Canadian Immigration Law Firm of Lorne Lichtenstein

New Immigration Procedures

On September 1, 2006, the Canadian Immigration authorities introduced The New Simplified Application Process for skilled worker and business class immigration.

If you are intending to immigrate to Canada, then this new process enables you to secure an early place in line. Canadian Immigration authorities now allow you to apply to immigrate to Canada by simply filing the appropriate applications and fees.

Although additional documentation will be required later, applicants will have more time to prepare the supporting documentation. This important new change should prevent applicants from having to update documents previously filed.

The supporting documentation and forms required to perfect an application remain the same as before. However they will be requested of the applicant only when the file has reached the head of the queue and is ready to be reviewed by the Visa Office. The Visa Office will provide 4 months of notice to allow applicants to submit the required supporting documentation.

It is expected that a massive number of new applications will be submitted under this new regime as the initial requirements are simplified and many applicants wish to reserve their place in the queue. As the number of the submitted applications grows, processing times will increase drastically. Therefore, it is advisable to file your application early.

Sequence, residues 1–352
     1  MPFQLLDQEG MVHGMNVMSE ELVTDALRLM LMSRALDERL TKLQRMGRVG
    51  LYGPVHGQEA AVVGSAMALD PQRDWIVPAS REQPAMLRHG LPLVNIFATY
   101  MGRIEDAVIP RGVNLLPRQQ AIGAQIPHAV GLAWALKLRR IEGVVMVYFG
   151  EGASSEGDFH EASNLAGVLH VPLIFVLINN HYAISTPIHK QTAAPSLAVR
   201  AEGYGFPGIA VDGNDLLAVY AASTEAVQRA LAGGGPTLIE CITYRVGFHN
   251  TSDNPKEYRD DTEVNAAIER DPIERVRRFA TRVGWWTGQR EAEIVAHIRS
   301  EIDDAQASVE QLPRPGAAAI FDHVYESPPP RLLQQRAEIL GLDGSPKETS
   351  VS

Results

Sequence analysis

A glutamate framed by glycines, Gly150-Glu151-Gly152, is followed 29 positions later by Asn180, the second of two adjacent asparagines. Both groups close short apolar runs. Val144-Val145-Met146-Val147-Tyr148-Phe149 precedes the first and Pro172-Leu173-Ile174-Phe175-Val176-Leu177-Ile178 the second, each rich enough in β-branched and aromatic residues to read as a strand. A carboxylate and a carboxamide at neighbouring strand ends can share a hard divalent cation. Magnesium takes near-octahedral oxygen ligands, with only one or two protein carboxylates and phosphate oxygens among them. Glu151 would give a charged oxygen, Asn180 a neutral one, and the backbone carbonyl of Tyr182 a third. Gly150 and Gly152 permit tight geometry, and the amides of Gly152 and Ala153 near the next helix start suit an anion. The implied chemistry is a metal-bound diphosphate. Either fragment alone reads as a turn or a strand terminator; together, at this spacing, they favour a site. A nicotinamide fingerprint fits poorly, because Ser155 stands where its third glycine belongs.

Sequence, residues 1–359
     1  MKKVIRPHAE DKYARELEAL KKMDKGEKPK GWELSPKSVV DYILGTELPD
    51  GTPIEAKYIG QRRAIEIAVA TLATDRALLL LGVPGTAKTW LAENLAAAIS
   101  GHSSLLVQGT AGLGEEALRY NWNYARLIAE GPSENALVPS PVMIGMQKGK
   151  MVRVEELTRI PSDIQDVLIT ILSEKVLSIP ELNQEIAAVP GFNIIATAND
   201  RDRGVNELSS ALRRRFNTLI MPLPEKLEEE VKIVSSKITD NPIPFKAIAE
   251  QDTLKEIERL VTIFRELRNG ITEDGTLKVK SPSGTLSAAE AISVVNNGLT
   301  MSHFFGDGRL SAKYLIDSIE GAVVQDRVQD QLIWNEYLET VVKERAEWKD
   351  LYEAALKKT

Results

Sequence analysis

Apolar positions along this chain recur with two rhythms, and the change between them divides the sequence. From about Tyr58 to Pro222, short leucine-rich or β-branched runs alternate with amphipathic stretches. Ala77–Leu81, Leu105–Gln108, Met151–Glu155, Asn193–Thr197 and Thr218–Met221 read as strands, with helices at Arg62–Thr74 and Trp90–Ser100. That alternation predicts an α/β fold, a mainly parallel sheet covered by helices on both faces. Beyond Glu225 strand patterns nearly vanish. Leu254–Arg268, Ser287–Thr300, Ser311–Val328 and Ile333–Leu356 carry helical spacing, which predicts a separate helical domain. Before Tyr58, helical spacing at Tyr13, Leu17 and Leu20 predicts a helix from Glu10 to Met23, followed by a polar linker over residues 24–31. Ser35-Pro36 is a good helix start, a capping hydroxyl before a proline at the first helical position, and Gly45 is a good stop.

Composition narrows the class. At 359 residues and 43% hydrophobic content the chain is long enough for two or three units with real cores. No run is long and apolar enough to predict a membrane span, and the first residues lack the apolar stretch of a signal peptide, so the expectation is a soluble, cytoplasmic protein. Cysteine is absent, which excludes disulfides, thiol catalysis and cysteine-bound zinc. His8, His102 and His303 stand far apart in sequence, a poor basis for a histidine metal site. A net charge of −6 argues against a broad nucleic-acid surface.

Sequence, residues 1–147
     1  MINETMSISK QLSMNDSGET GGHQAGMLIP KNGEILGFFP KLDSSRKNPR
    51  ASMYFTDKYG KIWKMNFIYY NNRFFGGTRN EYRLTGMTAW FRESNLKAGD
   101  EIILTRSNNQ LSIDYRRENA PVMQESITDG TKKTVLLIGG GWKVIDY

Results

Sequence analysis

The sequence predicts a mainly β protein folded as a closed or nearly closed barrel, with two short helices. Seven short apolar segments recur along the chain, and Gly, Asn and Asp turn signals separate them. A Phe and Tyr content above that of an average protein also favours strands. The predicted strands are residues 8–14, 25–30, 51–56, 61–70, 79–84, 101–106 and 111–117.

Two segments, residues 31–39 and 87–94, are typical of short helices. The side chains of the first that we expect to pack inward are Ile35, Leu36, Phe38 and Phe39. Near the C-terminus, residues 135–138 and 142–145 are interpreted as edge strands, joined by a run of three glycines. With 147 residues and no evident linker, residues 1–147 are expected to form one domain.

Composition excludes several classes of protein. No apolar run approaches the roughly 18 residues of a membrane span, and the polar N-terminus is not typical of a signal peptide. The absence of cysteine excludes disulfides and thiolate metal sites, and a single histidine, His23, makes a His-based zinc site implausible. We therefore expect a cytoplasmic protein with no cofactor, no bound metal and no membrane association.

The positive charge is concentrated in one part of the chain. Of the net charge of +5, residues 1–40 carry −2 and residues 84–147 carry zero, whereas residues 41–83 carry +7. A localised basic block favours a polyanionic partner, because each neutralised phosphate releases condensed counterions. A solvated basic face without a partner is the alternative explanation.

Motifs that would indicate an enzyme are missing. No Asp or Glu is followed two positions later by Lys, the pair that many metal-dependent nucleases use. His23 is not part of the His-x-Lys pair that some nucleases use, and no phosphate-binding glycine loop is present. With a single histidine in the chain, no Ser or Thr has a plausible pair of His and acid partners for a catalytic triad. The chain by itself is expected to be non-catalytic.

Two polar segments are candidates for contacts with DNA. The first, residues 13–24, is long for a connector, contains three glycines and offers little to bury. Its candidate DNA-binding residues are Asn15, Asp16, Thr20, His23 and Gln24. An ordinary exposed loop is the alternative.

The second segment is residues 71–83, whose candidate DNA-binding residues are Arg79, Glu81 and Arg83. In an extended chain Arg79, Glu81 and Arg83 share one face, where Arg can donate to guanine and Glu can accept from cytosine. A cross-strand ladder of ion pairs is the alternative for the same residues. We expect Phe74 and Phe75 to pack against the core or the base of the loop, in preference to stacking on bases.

The Federal government has a large backlog of Skilled Worker applications. Previously the pass mark was reduced from 75 points to 67 points in order to build up inventory. Canadian Immigration authorities vary the pass mark as a tool of controlling the number of applications. As the number of applications increase it should be anticipated that the pass mark will be raised from 67 to limit the number of new applications coming into the system. If you are thinking of applying under Skilled Worker class category, it is suggested you do it as soon as possible before the pass mark is raised.

Applicants must be forewarned, however, that applications being submitted under The New Simplified Application Process should be accompanied by a thoroughly detailed submission letter outlining the applicant's credentials within the context of all factors of assessment enumerated by the Immigration Regulations. Without any reference to the applicant's credentials, applications which previously would have been accompanied by relevant supporting documentation risk being refused.

For those who may be thinking of foregoing legal representation until they are requested to submit the full set of supporting documentation, I would say that's a bad idea. The Canadian immigration authorities warn that "you must meet all of the criteria at the time you submit your application". It would be a tragedy to wait for a long time in the queue only to discover that at the time you submitted your application you somehow fell short. Proper legal advice can prevent this as well as insuring that your application is presented in the best possible light to the Canadian Immigration authorities.

Canadian Immigration Law Firm of Lorne Lichtenstein

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